So if you're in the vicinity, plan to be there. As you all know, I'm not big on SPOILERS, but I'm WAY, WAY more likely to tease a few things in person than I am on either Twitter or here. So come and be (slightly) better informed!!!


Bookmark Link

Bianca Ruhland writes...

Hi Greg :)
My name is Bianca Ruhland and currently i have just started my final year getting my double major in Creative Writing and Animation. It's a big wish of mine to one day go on to write for or create a cartoon series of my own (especially of the superhero variety, haha.)
After the series final of Young Justice i just want to say, well done. It's shows like Young Justice i want to show to my own kids one day. It inspires me and i want to work with shows like it one day.
Visually, it's stunning, story wise it's even better. You've managed to find a way to introduce characters to keep existing comic book fans happy, but write it in such a way it introduces new fans as well. That's a very hard to do (from what i've heard). Not to mention, your show is built in such a way that it doesn't patronize children's intelligence. You have connecting story lines about big issues. You show them the power of love and friendship, but also show the realistic side that sometimes, friends fight and relationships end. People grow up on the outside, but not always on the inside. Also, the fact you broke the 'Rule of 3' and had such a large female cast was so awesome!
I'm writing to you as one of many voices of support for this show. It breaks my heart to see it go, especially in favor of other new shows that...well, that just kind of look like the same old stuff personally. It's really upsetting. After watching the final episode, there are so many cliff hangers! And Wally! Also, i've heard rumours that there were plans to bring in Cyborg, Starfire, Raven, Jason Todd and Damian Wayne into the next season. That would have just blown my mind.
I was wondering, Greg, exactly where the show stands right now. Is there a possibility at a Season 3 if Beware the Batman and Teen Titans Go don't fare too well? Can we get it outside of DC Nation or on another channel? Do you have plans for a Kickstarter (ala Veronica Mars?)Is there anything at all being done that you can mention? Like plans for a mini-series or an online follow up comic? (ala Smallville?)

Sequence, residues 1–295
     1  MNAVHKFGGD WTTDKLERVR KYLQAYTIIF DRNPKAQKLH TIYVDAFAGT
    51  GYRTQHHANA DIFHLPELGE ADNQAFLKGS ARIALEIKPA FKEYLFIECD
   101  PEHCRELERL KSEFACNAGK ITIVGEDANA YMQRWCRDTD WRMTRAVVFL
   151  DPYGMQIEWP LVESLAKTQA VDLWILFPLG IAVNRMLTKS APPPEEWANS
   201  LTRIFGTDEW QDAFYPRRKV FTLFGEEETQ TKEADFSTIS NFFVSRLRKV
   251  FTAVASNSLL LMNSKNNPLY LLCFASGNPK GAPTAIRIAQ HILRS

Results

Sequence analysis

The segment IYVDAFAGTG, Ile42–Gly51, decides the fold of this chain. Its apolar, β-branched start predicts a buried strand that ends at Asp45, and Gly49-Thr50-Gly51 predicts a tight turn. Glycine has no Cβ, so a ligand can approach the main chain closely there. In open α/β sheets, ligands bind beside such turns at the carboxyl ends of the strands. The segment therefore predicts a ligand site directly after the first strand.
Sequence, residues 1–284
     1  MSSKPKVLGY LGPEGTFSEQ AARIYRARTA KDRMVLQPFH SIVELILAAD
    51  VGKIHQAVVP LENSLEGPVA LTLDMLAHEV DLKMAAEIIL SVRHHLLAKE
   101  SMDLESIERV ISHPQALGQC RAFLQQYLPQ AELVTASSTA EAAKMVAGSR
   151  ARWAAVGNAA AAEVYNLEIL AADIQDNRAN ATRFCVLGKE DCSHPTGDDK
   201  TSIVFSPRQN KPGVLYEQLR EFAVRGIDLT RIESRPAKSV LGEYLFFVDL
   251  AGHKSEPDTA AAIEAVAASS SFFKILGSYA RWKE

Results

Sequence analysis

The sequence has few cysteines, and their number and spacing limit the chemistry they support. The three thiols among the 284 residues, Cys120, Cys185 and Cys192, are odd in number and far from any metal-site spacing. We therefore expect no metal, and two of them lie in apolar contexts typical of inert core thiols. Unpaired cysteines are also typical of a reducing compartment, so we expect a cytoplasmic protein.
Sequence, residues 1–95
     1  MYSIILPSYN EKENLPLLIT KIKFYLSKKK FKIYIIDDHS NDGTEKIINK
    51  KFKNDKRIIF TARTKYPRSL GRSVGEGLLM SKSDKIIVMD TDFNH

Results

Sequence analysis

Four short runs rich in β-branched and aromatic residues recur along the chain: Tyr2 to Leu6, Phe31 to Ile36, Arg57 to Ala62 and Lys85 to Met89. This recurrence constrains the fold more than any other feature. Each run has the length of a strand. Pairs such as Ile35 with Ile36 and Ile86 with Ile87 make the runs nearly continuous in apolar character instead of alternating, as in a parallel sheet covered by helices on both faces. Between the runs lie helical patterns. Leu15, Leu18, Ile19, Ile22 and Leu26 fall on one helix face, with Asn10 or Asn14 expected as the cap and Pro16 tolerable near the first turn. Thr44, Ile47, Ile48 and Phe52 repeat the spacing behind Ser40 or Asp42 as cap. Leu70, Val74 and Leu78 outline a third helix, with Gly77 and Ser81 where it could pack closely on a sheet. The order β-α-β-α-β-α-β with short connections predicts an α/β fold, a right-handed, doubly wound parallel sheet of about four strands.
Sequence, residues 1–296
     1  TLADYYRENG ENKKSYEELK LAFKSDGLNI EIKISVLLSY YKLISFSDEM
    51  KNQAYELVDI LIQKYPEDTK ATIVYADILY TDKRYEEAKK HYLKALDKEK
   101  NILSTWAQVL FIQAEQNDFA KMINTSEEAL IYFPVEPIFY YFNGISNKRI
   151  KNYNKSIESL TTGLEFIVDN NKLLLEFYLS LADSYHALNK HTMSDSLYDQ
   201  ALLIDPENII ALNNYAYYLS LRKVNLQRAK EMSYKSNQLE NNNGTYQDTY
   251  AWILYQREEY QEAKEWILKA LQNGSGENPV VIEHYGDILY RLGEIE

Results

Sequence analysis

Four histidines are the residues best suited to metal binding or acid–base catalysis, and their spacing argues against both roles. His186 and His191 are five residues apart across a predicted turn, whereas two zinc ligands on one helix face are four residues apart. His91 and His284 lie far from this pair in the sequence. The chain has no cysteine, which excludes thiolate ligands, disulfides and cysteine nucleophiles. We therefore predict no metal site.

If you can't tell me anything that's fine, but i just wanted to let you know Greg that you did a really great job on this show. You and Bruce Timm are my idols and i hope to be like you one day. If it's possible, please don't give up on the show just yet, not because I and other fans want it, but because i honestly feel that children everywhere NEED it, for what it is and what it teaches.
Thank you for your time.

Greg responds...

Okay, first of all, thank you so much for all the kind words. It's much appreciated.

In that spirit, and since you have stated a sincere interest in being a professional writer, I'd like to offer some advice, which I hope you'll take in the spirit in which it is given: you need to do a better job proofreading, especially when you're expressing your desire to be a pro to a pro. When I look at a potential writer, once I get to the second or third typo, I've generally written that person off. I know this wasn't a formal communication, but you took the time to give me your full name and to list your goals. You never know, and you don't want to poison the water by not ALWAYS putting your best foot forward.

As for the episode, I'm going to state again that there were no cliffhangers in it. Loose ends, yes. Cliffhangers, no.

As for the series' future, there isn't much to tell, but I'll try to answer your questions.

Our pick-up has absolutely NOTHING to do with the success or failure of either Beware the Batman or Teen Titans Go!

I don't know about the health of DC Nation, as I'm no longer at Warner Bros. But it is extremely unlikely that we'd ever get YJ on any channel other than Cartoon Network. Keep in mind that CN, Warner Brothers and DC Comics are all part of the same company, Time-Warner.